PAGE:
Why Government Should Not Be in the Business of Subsidizing Businesses

The New York Times article says it all. "Thousands of jobs" have been lost in the recent recession. To emerge from its economic malaise, Michigan is moving beyond its "smokestack image."

The article goes on to quote a Michigan official who says that continuing to rely on an automobile-based economy would absolve the state from having to "fight for its share of research and development in things like electronics."

Instead, the official told the newspaper, Michigan would now try to create an environment similar to that of Silicon Valley.

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One might guess this article refers to the state’s recent ballyhooed landing of a Google facility for Ann Arbor — the start of the transformation of Michigan into an Information Age superstar.

No, not at all.

The article was published 20 years ago. It ran in the N.Y. Times on June 23, 1986, under the heading, "States Back Risky Ventures In Effort to Create New Jobs." The article described how Midwestern states, including Michigan, were using public funds to finance enterprises that could not secure backing from private capital markets.

State legislation created the Michigan Venture Capital Fund in 1983, authorizing the use of as much as 5 percent of public employee pension funds as venture capital for private projects.

By mid-1986, noted the Michigan official, $48 million had been invested in 23 companies and more than 3,100 jobs.

But if Michigan transformed itself away from dependence on the auto industry 20 years ago, why do we need the current transformation away from dependence on the auto industry? Was the bust of the first transformation based on a flawed strategy? If today’s news is so similar to that of 20 years ago, are we repeating the same mistakes?

Although most of the people quoted in the N.Y. Times article were upbeat about potential benefits, an observer from a research firm that monitored investments of venture capital was more cautious. "It’s too early to tell" if the government-financed businesses would survive, he said. He expressed reservations about government intrusion into risky ventures that professional capital managers avoided.

The article devoted seven paragraphs to a particular source of optimism, what the Michigan development official described as "one of Michigan’s likeliest winners."

It was Vixen Motors of Pontiac, which received $5.7 million from state coffers. Soaring fuel prices of the 1970s were still vivid memories, so Vixen established a niche of "fuel-efficient" motor homes to compete against "gas-guzzling recreational vehicles." Despite the market promise, the entrepreneurs could not secure private financing. The state, however, came to their rescue.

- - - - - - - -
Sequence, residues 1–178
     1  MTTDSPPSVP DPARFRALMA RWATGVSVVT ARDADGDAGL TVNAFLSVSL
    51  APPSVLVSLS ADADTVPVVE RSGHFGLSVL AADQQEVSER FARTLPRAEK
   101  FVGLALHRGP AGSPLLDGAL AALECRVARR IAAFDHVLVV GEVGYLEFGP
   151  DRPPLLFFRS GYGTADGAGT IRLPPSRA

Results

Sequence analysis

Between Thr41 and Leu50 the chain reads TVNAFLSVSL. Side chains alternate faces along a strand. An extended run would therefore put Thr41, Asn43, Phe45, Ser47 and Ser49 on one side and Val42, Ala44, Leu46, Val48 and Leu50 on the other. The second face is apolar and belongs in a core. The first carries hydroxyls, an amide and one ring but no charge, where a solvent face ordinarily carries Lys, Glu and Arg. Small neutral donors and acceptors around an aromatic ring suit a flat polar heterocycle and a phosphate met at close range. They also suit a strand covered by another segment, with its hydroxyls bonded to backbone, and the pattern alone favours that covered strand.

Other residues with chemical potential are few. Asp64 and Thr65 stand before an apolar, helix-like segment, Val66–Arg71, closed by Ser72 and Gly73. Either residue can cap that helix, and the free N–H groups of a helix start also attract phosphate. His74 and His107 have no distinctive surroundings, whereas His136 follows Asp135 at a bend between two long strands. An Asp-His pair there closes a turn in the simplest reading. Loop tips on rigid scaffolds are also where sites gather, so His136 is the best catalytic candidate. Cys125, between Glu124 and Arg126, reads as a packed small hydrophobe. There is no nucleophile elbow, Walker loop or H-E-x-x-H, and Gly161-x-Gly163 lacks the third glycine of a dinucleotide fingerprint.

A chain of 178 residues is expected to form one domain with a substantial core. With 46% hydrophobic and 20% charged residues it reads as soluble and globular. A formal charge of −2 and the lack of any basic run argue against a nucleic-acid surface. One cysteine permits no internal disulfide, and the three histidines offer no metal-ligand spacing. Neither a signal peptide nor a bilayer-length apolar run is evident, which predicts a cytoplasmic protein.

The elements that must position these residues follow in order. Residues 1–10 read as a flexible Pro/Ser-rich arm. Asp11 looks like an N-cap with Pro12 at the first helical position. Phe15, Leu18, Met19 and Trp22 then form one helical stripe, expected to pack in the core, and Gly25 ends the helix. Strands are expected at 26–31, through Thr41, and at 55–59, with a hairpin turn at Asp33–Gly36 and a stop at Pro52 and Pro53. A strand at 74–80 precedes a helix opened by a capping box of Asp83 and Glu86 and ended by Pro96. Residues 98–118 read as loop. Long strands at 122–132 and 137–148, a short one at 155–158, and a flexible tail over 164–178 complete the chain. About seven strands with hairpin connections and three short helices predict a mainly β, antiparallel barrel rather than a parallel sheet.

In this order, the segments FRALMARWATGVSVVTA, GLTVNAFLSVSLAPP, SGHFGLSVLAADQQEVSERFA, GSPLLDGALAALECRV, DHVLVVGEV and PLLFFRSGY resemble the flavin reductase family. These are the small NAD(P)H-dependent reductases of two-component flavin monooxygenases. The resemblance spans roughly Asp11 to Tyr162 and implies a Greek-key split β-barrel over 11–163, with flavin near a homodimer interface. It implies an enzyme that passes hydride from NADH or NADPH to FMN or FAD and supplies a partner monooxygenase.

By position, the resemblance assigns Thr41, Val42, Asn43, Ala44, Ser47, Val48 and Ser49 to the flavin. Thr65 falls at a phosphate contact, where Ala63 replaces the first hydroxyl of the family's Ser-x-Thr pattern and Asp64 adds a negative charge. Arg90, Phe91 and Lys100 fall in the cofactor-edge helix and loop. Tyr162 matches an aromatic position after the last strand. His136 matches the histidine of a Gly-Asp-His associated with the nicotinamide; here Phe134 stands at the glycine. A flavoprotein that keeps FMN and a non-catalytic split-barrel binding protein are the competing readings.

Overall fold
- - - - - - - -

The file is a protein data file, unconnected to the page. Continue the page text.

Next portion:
A Web search to determine the company’s present state of health disclosed this information: Vixen Motors went out of business in 1989.

Why is government such a frequent failure as a bankroller of businesses? As the observer quoted in the N.Y. Times put it: "States don’t understand the job."

The psychology of the public and private sectors is entirely different. Managers who work with private funds are only as good as their last triumph. Putting private investment into a failure destroys confidence and reputations.

Playing with public money lacks rigorous discipline, because public money is not seen as coming from a real source, other than a legislative appropriation; failure is not held accountable, but rather mitigated by politics. Bureaucrats who bungle get transferred, rarely terminated.

The deal-making in dispensing government favors is without a doubt intoxicating — the power to grant a big tax break or arrange a lavish subsidy. Success is counted in the number of favorable headlines and photo ops. But the system becomes addictive in the other direction as well. Firms that receive public dollars tend to spend an inordinate amount of effort chasing more and more special privileges when they should be tending to business, which consists of chasing after customers, private investors and shareholders, and then satisfying them.

This second transformation may fizzle just as the first one did 20 years ago, except this time government spending is far greater. Recently, $100 million was disbursed to businesses through the state’s 21st Century Jobs Fund.

When the focus is on more jobs, business is reduced to being merely a vehicle toward that end. A more enlightened policy would recognize that a congenial economic and regulatory climate retains businesses and attracts more of the same. A business exists to prosper. When businesses prosper, more jobs are the natural result, and governmental micromanipulation becomes unnecessary.


Daniel Hager is an adjunct scholar with the Mackinac Center for Public Policy, a research and educational institute headquartered in Midland, Mich. Permission to reprint in whole or in part is hereby granted, provided that the author and the Center are properly cited.